As part of the changes, there will be new podcast-first offerings: The Edge, a science and health-themed show hosted by polymath broadcaster Natasha Mitchell; This is About – about “the beautiful, awkward and dismal stuff that actually happens to people” – and The Real Thing, a show about “real Australia”.

Meanwhile, an internal “RN Production House” will create audio-rich packages to mark significant events, embed content across the network and produce short-form and history-based work as podcasts.

An international success story

Nowhere does the ABC management press release say why there should be a “focus on key specialist talk content”, as opposed to, say, documentary.

RN’s expertise in documentaries and features is world-beating, as its swag of prestigious awards, from the Prix Italia to the New York Radio Festival, shows. This decades-old tradition has been continually eroded, with the earlier axing of lauded shows such as Radio Eye, The Listening Room, The Night Air, 360 Documentaries and Hindsight, RN’s history showcase.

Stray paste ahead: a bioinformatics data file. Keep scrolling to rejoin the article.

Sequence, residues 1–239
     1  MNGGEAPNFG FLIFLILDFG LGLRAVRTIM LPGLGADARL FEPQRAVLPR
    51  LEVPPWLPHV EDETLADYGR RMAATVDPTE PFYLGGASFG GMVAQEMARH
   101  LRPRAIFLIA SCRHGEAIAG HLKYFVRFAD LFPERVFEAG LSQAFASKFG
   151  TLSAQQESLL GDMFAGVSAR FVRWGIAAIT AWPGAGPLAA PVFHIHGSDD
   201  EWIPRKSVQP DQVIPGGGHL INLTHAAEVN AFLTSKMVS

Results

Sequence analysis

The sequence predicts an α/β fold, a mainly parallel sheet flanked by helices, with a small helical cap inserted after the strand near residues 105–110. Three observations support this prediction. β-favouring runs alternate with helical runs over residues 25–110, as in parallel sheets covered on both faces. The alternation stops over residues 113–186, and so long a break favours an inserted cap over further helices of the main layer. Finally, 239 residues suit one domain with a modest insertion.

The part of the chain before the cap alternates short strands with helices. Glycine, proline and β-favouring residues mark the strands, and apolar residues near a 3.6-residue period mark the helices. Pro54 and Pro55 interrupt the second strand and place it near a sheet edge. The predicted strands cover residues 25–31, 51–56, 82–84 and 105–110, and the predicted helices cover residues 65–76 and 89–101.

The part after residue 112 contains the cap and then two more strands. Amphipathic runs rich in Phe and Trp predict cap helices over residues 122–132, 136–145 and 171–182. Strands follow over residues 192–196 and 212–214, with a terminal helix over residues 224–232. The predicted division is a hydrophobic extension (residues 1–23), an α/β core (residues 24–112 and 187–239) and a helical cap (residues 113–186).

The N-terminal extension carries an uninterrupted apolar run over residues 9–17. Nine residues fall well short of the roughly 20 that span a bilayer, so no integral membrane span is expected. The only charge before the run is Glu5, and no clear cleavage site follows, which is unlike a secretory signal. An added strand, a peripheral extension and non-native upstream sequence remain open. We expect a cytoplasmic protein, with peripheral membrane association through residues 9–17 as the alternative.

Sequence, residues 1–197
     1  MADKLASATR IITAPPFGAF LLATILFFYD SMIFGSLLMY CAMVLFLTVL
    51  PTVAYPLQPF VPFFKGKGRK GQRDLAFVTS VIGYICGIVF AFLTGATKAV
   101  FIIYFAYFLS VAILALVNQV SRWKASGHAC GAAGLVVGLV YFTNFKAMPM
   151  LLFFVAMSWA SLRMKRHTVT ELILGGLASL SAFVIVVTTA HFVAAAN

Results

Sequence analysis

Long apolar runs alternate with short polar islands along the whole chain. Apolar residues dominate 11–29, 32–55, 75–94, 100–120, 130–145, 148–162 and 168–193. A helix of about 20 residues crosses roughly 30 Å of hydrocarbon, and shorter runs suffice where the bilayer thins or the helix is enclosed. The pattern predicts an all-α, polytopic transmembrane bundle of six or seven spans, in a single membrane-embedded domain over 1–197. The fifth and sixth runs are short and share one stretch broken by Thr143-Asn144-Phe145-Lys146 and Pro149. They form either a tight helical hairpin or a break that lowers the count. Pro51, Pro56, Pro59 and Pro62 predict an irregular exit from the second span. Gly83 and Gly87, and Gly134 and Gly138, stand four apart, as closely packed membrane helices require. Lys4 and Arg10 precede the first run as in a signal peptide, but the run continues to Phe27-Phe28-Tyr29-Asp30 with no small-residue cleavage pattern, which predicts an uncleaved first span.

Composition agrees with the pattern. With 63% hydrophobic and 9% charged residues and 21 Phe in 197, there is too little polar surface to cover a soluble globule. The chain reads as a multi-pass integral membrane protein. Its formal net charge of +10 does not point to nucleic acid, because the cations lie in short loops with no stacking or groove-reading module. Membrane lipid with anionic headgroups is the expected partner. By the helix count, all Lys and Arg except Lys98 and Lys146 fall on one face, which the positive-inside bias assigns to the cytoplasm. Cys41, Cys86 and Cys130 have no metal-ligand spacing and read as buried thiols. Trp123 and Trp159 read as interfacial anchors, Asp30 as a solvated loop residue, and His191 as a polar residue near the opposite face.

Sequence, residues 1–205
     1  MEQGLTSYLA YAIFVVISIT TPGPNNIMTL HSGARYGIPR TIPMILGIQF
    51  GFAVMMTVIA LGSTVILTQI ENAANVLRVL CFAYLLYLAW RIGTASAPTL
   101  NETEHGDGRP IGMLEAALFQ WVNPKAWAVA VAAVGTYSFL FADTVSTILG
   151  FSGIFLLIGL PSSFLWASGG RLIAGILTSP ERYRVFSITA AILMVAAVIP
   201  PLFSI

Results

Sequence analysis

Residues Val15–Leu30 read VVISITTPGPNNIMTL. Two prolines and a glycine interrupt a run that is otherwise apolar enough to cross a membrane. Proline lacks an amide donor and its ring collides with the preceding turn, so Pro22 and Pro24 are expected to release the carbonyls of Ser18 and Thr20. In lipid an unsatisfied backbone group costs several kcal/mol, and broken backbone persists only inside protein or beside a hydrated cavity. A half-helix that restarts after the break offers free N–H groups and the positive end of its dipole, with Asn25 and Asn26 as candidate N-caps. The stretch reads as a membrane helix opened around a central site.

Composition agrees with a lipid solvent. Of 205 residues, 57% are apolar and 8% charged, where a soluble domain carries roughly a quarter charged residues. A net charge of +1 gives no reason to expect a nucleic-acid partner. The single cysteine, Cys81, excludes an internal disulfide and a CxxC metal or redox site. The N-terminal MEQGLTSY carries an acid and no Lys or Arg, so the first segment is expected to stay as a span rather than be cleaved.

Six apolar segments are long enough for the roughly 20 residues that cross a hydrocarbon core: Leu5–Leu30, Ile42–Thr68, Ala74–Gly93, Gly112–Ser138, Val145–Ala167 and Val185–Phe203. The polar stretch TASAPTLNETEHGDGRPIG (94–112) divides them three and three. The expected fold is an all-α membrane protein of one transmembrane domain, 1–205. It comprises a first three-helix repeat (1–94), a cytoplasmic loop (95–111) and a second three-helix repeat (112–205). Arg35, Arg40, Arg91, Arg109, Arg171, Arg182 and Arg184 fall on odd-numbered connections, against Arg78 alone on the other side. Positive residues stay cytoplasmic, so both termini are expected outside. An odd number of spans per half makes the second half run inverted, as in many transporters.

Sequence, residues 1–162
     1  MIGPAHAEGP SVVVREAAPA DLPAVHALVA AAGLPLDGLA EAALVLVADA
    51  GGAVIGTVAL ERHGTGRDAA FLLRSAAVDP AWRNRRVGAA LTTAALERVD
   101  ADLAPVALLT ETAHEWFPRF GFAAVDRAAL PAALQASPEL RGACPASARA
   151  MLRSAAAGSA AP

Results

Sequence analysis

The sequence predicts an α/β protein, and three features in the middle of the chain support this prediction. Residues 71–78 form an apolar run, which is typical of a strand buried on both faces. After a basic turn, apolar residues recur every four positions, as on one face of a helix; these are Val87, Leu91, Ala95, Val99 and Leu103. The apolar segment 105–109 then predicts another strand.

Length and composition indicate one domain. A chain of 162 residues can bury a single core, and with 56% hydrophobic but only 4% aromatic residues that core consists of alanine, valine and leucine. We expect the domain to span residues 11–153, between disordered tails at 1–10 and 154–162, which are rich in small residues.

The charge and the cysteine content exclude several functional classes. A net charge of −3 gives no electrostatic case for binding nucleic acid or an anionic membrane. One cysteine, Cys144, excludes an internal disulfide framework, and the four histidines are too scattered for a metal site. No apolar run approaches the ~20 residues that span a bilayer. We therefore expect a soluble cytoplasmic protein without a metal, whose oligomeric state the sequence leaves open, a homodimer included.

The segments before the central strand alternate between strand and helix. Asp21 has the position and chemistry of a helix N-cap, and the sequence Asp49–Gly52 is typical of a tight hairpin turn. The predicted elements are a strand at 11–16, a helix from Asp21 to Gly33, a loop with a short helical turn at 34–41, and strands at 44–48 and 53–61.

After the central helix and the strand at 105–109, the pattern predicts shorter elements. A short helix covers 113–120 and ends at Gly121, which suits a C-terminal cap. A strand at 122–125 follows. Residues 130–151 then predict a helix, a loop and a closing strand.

Yet outside Australia, the perception of RN’s features’ success is very different. Former BBC producer and Prix Italia winner Alan Hall, who now runs an independent UK audio production company, says of the changes:

It appears bizarre deliberately to diminish the ABC’s distinctiveness and quality – in the loss of PocketDocs, Soundproof and much more – at a time when the global nature of the audio landscape has seen a great movement of listeners … beyond national borders. The best Australian radio production speaks across the world.

Prominent American audio figure Julie Shapiro founded Soundproof in 2014 and is now executive producer of Radiotopia, an independent podcast network in the US, which makes the kind of podcasts whose success RN’s First Run seeks to emulate. Writing of the changes in US public media outlet, Shapiro said: